Up to now, President Barack Obama has never visited Nigeria. That has been appropriate given the country’s history of rigged elections and the government’s refusal to investigate credible reports of human rights abuses by the security services in the struggle with Boko Haram. The Obama administration did engage with the Jonathan administration, with meetings between the two presidents in Washington and New York, and visits by Secretary of State John Kerry to Abuja.
Now, in the aftermath of the March 28 elections, it would be appropriate for the president to visit Nigeria, perhaps in conjunction with his July visit to Kenya for the Global Entrepreneurship Summit in Nairobi.
While far from perfect, the March 28 elections were the best since Nigeria’s restoration of civilian government in 1999. The elections resulted in the first democratic transfer of power in Nigeria’s post-1999 history from an incumbent president, Goodluck Jonathan, to the opposition presidential candidate, Muhammadu Buhari. Most Nigerians, including President Jonathan, have accepted the credibility of the election results.
The Obama administration was heavily invested in the success of the elections. Senior administration officials repeatedly denounced potential election related violence, which Nigeria has historically experienced. The administration also supported the efforts by Attahiru Jega, the Chairman of the Independent National Electoral Commission, to conduct elections that were free, fair, and credible. The Department of State has made it clear that those who promoted violence or interfered with the elections could expect to have their U.S. visas revoked. On March 23, President Obama directly appealed to the Nigerian people to insist on credible elections. On April 1, after the elections, he congratulated the country on “the strength of Nigeria’s commitment to democratic principles."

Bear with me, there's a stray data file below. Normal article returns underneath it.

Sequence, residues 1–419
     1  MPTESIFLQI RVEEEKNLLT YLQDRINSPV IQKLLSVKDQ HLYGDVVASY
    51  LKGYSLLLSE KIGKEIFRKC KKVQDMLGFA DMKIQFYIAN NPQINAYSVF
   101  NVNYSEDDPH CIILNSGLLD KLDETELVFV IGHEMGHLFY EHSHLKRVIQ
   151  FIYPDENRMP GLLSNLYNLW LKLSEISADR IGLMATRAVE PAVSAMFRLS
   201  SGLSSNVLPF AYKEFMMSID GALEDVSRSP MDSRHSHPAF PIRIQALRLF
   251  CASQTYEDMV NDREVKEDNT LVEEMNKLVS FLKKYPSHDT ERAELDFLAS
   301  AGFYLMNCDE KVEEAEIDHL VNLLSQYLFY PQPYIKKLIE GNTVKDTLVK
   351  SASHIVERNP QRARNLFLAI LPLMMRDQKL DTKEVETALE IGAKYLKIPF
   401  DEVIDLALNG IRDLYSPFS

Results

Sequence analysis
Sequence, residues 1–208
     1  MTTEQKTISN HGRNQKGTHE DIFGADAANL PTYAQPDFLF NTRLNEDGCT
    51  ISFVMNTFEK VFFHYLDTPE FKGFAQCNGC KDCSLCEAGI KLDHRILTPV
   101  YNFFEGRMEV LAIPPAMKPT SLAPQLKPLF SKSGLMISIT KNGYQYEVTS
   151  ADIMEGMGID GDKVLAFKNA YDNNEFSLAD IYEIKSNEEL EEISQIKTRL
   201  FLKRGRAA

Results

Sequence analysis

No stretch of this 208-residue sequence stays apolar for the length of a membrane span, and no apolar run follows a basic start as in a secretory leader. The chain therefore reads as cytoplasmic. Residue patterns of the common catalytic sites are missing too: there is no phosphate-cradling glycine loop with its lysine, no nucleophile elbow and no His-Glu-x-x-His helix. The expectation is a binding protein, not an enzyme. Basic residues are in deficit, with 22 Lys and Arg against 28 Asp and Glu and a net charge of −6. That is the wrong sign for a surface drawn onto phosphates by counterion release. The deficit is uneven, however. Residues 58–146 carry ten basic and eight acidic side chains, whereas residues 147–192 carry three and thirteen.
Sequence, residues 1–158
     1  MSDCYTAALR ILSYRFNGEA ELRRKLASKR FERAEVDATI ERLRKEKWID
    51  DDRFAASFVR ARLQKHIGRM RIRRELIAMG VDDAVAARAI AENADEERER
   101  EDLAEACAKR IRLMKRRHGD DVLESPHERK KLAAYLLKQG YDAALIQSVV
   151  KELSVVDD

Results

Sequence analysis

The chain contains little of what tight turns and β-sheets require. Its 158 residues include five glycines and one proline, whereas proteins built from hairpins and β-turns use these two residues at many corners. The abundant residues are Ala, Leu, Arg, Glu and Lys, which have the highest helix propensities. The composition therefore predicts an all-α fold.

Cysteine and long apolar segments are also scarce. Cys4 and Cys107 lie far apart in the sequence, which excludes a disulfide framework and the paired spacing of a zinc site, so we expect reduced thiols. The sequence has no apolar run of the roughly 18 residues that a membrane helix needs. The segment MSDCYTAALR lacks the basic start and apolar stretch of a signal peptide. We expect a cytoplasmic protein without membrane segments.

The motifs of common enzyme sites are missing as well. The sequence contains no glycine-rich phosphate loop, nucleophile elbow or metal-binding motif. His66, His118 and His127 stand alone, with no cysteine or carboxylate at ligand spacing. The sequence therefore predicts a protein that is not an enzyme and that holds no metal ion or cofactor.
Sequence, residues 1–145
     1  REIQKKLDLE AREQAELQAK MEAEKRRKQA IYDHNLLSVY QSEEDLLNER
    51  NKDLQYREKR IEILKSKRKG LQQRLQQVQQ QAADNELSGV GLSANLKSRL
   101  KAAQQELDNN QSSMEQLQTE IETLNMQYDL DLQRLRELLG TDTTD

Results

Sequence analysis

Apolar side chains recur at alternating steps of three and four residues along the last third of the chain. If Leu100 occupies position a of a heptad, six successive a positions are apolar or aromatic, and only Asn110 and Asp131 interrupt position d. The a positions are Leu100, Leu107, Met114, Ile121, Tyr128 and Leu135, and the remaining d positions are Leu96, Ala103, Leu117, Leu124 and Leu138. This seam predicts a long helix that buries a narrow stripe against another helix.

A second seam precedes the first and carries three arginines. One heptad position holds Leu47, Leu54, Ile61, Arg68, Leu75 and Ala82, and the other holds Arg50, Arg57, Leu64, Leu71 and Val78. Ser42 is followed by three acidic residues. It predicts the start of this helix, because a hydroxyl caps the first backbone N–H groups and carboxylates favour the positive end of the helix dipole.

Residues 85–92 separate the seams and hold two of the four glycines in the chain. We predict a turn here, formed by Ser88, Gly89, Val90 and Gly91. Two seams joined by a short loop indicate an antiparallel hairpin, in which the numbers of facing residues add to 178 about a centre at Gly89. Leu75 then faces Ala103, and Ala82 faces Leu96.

Under these circumstances, a presidential visit to Nigeria would be a continuation of U.S. support for Nigeria’s developing democracy.
Muhammadu Buhari will be inaugurated as president of Nigeria on May 29. He already has a functioning transition team. By July, his government should be in place. President-elect Buhari has already said publicly he would like to restore a military relationship with the United States. A July visit by President Obama would provide an opportunity to open a dialogue with the new president on Boko Haram and jihadist radicalism, the necessary steps to end human rights abuses by security forces, and a host of other bilateral and multilateral issues.